The Pirates! In an Adventure with Ahab
by Gideon Defoe
Back in the charming days of yesteryear (I think it was 2004), Gideon Defoe took the literary world by storm with his groundbreaking novelette, “The Pirates! In an Adventure with Scientists.” Never before had the gritty world of pirates been so vividly realized, complete with the utmost attention to both historical accuracy and poetic beauty.
I am, of course, full of it.
Like its predecessor, Defoe’s second work, “The Pirates! In an Adventure with Ahab” is sure to throw humorless historians into a tissy. But for the rest of us, it’s another wonderfully demented bit of comedic genius. Once again we’re invited to follow the adventures of a hapless crew of no-name pirates (“The Pirate Captain”, “The Pirate with a Scarf”, “The Pirate Who was Good at Math” and such), this time as they seek a way – any way – to gather the needed money to pay off a debt to the most dangerous of villians, Cutlass Liz. They attempt to gain said loot through a range of efforts, from improv-theater to whaling to out-right pirating. Continue reading
I thought I’d try something a little different this time, so rather than blathering on by myself, I present you with the following interview of a REAL LIFE PIRATE DESCENDENT 🙂
Well Blow Me Down! A Guy’s Guide to Talking Like a Pirate
by John ‘Ol’ Chumbucket’ Baur and Mark ‘Cap’n Slappy’ Summers
Where to even begin with a book like this? Well, I suppose I should mention it’s not even a book, really. Sure, it has words and pages, a cover with fun artwork, and even its own Library of Congress number. But still, it isn’t a book – it’s a focal point, a nexus, a singular compilation of all the history, wit, and wisdom that went into the creation of Talk Like a Pirate Day. The authors, as you know (or at least you should), are the co-creators of said holiday, and we all owe them a debt of grattitude. Johnny Depp may have brought pirates to the forefront of popular culture, but it was Cap’n Slappy and Chumbucket that gave us an outlet for the pirate hiding within us all – an excuse to get gussied up once a year and yell “Arrrrr!”
Newcomers to Talk Like a Pirate Day will find this book wonderfully entertaining and informative. The authors delve into the hows and whys of their unusual holiday, complete with a mini-dictionary, Talk Like a Pirate Day tips for various situations (clubs, work, church…), Continue reading
Oddness compounded with oddness is the order of the day with this painfully 80’s pop-culture pirate flick (and I say that with nothing but love for the 80’s.) Based on the Pirates of Penzance, we follow the adventures of Frederic (Christopher Atkins) and Mabel (Kristi McNichol) – Frederic as he tries to escape his pirate foster-family, and Mabel as she tries to concoct a scheme to marry off her dozen or so older sisters, thus freeing herself to marry Frederic. It sounds simple enough, but their plans are consistently stalled by a relentless barrage of keystone cops, cartoon fish, and ruby-red codpieces. Dated pop-culture references abound, including an Indiana Jones “cameo,” and even a blatant nod at Star Wars as Frederic uses the force to levitate his glowing green light-rapier (no, I’m not kidding.) The opening sequence, featuring an 80’s style pirate rock song paired with visuals from a classic pirate film(The Black Swan, if rumor serves,) might lead you to believe this will actually be a decent film, but Atkins’ stilted acting, McNichol’s mullet, and a virtual blitzkreig of sexual innuendo delivered with all the taste and subtlety of your average 12-year old will quickly convince you otherwise. Continue reading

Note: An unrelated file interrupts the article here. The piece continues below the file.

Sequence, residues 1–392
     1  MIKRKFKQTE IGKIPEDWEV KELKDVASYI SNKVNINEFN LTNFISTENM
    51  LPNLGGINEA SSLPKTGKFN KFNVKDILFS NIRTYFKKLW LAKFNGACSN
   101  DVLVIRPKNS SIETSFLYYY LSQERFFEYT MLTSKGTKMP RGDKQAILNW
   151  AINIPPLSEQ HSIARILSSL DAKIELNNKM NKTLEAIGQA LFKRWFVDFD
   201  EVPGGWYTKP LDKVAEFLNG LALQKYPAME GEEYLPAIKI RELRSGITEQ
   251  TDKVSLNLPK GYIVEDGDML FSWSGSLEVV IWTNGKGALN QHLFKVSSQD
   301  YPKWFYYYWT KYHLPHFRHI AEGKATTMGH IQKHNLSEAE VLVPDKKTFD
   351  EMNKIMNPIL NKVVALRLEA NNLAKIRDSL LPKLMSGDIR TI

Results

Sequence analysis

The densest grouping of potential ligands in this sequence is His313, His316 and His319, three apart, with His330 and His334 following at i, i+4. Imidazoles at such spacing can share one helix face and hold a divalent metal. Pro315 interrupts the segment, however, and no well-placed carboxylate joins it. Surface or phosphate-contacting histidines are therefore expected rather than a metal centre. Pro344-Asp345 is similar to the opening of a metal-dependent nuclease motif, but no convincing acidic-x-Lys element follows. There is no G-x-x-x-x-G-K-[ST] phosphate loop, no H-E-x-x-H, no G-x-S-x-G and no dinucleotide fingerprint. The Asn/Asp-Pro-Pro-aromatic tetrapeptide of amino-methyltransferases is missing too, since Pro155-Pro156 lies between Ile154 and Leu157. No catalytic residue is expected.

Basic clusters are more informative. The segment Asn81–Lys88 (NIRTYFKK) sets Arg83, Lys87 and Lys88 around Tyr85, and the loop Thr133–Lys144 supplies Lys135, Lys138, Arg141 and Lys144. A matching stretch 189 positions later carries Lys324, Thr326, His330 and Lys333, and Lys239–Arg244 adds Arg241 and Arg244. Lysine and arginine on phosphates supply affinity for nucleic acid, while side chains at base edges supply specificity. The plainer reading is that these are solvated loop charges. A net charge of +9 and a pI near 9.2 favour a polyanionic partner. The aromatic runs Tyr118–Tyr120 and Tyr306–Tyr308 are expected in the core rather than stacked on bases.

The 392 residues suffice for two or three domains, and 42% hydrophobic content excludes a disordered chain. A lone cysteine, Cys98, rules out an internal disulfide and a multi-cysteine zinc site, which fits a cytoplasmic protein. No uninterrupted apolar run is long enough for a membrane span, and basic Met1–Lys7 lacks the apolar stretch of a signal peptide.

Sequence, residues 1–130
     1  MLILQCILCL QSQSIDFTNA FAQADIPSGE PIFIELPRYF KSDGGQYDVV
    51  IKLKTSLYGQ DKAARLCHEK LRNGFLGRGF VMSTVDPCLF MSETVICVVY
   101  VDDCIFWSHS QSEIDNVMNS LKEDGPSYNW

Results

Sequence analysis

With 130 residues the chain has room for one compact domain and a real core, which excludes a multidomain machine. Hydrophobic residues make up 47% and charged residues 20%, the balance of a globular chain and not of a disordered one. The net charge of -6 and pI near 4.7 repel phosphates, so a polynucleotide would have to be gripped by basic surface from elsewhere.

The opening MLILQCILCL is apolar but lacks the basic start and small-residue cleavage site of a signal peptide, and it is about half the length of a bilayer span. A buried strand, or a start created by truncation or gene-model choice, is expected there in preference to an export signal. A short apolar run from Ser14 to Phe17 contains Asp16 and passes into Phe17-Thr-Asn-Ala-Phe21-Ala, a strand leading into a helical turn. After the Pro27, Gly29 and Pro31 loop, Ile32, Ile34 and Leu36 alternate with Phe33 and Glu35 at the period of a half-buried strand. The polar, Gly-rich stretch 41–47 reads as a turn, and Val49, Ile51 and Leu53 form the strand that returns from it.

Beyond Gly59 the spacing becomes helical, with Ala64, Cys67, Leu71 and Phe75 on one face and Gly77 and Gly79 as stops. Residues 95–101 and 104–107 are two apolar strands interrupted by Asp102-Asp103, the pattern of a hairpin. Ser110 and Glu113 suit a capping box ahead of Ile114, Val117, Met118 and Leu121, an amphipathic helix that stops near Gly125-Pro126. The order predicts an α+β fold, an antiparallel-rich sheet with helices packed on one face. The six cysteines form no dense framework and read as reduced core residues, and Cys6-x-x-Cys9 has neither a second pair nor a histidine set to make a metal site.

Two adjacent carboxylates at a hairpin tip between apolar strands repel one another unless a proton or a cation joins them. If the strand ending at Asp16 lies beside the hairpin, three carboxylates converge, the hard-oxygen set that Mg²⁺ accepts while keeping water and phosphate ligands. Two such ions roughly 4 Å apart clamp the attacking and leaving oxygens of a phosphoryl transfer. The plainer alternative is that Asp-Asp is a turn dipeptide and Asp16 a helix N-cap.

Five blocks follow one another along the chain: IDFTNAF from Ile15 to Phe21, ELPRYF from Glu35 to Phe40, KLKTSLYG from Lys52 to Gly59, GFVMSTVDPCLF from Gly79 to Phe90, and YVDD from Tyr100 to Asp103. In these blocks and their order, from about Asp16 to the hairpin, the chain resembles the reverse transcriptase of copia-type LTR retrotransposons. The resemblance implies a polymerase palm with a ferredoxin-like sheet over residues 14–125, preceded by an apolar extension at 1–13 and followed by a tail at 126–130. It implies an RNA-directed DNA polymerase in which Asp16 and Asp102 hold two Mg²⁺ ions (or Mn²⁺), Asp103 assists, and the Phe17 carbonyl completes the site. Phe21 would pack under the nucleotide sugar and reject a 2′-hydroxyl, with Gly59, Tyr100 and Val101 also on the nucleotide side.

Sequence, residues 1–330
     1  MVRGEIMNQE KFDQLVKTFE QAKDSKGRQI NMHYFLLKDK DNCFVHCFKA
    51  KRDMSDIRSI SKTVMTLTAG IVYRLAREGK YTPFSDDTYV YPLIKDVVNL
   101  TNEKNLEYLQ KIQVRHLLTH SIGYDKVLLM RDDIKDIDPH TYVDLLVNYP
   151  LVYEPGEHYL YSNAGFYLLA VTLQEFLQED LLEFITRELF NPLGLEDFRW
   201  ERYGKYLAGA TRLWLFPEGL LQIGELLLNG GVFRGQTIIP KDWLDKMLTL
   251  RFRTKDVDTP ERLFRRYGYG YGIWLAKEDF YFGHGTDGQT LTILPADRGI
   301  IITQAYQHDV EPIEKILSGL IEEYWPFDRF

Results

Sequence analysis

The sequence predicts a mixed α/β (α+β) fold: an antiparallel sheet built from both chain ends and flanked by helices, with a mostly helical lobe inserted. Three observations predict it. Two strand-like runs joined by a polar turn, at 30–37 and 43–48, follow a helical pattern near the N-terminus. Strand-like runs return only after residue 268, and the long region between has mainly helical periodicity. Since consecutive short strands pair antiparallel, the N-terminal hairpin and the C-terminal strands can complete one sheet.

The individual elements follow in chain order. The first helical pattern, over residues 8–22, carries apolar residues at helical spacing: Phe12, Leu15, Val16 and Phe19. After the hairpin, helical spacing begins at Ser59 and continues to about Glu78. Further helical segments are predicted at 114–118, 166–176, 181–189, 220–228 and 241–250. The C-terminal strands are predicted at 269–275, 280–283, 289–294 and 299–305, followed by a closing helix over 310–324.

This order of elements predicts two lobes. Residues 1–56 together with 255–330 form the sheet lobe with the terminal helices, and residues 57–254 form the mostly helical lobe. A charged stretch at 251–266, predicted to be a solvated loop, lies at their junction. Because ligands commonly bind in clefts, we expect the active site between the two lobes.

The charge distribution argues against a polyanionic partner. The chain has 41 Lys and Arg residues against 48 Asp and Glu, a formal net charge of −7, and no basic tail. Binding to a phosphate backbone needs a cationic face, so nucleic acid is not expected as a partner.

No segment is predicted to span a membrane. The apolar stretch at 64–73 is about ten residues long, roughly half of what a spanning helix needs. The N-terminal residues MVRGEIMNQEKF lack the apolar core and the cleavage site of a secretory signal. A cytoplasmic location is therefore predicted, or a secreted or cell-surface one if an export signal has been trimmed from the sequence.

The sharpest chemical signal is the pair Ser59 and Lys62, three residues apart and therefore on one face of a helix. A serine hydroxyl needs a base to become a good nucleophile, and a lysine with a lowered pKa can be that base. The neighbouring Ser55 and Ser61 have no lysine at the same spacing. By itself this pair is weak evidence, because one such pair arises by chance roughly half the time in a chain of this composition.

“The Devil Wore Purple Plunder-Pants”
an upcoming romance novel from Bilgemunky Press
note: The following story and characters are works of fiction. Any resemblance to real people, living or dead, and especially any resemblance to Keira Knightly, super sexy star of Pirates of the Caribbean, is entirely coincidental.
Chapter 5 – Inside the Contessa’s Chamber
Bam! Crash! Strangle! Boom!
The Contessa de Salma tightly clenched a stiletto to her silky bosom as she stared at her bedchamber door with an intensity that would surely whither the spine of even the most courageous of men. Unfortunately for her, it was no mere man that currently decimated her soldiers in the hallway – it was a demon of the sea, a mad beast driven by love and rage – love for his beloved Keira Knightly, who had looked really hot in that red dress in Pirates of the Caribbean, and rage at having had her torn from his mighty arms by the dastardly Don Squishy, scourge of four out of five Great Lakes. Continue reading
by George MacDonald Fraser
Now here’s a gem that’s escaped my notice for far too long. First published in 1983, The Pyrates is certainly as fresh and witty today as it was back then. Taking place in a non-specific part of the Golden Age of Piracy, the tale ranges from England to Madagascar to the Caribbean, and features the wildest cast imaginable. The characters are highly (and intentionally) stereotyped, and this is put to great comedic use. The hero, Captain Ben Avery, is brave, dashing, and impeccable in every fashion. The author makes frequent mention of his manicured nails and chisled jawline. Indeed, Avery seems perfect in every fashion, so it should naturally follow that every woman in the book swoons after him, be they admiral’s daughter, pirate queen, Spanish maiden, or missionary nun turned tribal goddess and chocolate addict. Whatever their role in this book, each of these women share one thing in common (aside from their lust for Captain Avery, that is) – each is heart-wrenchingly gorgeous, and each knows how to play that to maximum effect. They pout when they need to pout, scream appropriately when a damsel-in-distress scenario is called for, and slump to the ground to lie in a vulnerable-yet-alluring position when knocked out cold by the bad guys. Continue reading